Writing Tips

The challenge, should you choose to accept it, you must include at least one of the words on this Buzzfeed list of “old-timey” words in your next conversation. Does that sound like a bunch of stultiloquence to you? Well, whoever said a little tommyrot was ever bad for you? So get your monkeyshine on and become an old-timey blatherskite!

— Ginnis

When I was taking grammar classes and they were destroying me as a person (AS A PERSON!), I used a variety of online resources to keep up with the class. I am not a natural grammarian. I am not a natural rules-follower. I am, in fact, a natural thumbnoser. But increasing your knowledge of grammar is worth your time. Ugh, grammar. I know. Trust me on this, if on nothing else, studying grammar will make you a better and more confident writer. So let’s do this.

  1. Grammar Girl: Why, of all the grammar bloggers and vloggers, did I rely on her? Not sure, to be honest. But she seemed like cool. Grammar Girl is about quick tips and short explanations. No drills or deep explorations of thorny topics in grammar here — just straight answers.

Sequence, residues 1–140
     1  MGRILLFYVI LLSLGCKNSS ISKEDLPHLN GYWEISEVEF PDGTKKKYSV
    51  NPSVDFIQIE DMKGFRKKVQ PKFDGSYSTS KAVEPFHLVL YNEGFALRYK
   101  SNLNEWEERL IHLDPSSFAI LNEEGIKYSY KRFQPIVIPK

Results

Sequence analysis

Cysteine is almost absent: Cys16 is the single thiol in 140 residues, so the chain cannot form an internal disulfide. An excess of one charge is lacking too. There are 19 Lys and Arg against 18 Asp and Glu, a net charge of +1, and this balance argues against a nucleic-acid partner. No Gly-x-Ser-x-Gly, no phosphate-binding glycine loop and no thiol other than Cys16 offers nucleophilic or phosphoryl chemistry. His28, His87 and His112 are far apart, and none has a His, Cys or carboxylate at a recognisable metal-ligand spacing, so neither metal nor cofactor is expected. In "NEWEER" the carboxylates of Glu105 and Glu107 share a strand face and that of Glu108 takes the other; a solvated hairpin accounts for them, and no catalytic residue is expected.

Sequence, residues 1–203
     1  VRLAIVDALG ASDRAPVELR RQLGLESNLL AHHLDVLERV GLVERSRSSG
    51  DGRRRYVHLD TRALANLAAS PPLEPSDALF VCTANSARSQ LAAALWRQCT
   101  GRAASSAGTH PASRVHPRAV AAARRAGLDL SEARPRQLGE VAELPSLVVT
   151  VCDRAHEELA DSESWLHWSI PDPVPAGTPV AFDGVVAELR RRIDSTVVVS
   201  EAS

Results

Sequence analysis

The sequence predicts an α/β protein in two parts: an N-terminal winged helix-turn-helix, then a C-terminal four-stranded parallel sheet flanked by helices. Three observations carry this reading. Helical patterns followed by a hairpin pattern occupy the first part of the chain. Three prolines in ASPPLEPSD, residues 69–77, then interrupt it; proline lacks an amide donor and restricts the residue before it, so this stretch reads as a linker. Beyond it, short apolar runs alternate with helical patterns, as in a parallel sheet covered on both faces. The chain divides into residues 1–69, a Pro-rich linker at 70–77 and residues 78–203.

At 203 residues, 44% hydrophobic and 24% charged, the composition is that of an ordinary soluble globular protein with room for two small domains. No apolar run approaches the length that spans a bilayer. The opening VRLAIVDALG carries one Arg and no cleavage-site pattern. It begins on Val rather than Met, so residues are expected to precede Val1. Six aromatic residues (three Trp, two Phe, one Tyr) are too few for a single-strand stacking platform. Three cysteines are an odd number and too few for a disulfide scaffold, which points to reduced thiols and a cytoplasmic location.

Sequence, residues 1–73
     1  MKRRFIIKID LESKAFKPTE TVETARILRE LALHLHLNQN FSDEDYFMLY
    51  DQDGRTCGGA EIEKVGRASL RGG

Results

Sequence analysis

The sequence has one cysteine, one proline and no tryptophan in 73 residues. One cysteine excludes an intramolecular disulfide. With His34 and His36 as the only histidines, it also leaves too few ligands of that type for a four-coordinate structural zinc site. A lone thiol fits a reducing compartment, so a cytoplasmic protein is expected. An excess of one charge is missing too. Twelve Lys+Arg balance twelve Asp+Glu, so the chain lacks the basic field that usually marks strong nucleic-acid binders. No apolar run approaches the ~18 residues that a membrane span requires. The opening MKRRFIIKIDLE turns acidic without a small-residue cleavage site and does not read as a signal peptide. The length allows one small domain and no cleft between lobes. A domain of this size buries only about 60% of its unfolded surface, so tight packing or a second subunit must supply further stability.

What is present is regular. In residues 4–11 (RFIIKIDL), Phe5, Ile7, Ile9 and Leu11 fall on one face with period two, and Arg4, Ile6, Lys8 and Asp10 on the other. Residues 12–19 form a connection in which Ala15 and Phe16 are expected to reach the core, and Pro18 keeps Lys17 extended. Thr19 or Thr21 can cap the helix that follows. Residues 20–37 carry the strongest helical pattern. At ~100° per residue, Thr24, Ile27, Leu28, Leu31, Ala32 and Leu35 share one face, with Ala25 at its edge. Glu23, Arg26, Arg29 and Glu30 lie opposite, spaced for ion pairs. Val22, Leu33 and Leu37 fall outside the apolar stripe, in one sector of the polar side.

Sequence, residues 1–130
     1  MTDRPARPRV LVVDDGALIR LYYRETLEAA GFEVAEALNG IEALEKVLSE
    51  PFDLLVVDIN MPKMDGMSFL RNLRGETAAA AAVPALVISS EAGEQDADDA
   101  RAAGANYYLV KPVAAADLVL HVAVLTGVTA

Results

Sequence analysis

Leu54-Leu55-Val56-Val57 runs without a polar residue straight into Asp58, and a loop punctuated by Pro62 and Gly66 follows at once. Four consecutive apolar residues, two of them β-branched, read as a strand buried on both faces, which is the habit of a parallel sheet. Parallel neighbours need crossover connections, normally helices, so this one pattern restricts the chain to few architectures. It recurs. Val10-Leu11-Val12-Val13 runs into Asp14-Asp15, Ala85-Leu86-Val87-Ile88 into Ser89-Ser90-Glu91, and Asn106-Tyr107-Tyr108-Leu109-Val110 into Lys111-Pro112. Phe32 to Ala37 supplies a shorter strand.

2. Grammar Bytes: Drills, glorious drills! This site has a number of grammar excises that you can do in your browser, as many times as you’d like. Test coming up? This is what you need. The exercises are low on pressure, high on content and tips.
  3. Guide to Grammar and Writing: Quizes, explanations, terminology! When studying grammar, you quickly realize that there are approximately one million terms that include variations on the words phrase and verb. (Phrasal verb, verb phrase, verbal phrase… .)
  4. Wikipedia: Whut? Yes, really. Wikipedia offers concise and cogent explanations of even the most complicated of grammatical concepts.

— Megan

On Writing

Is the novel outdated? No, says the New Yorker. The novel, argues Adelle Waldman, is more than a historically convenient, story-delivery system. It has particular characteristics and capabilities and they are worth preserving.

There are altogether so many ways to abuse plot that we tend to forget what plot is at bottom—and what is lost when it is dispensed with entirely. Plot dramatizes incident and moves characters through time. In good novels, these functions combine to approximate not only the reality of life, which is of course linear and time-bound, but also, crucially, life’s tendency to defy abstraction and deflate our pretentions—to make fools of us.

Games have plot too, but games don’t provide quite the same interaction of plot, character, and idea that novels do — isn’t every kind of art special? Why do we keep trying to do away with them?

— Megan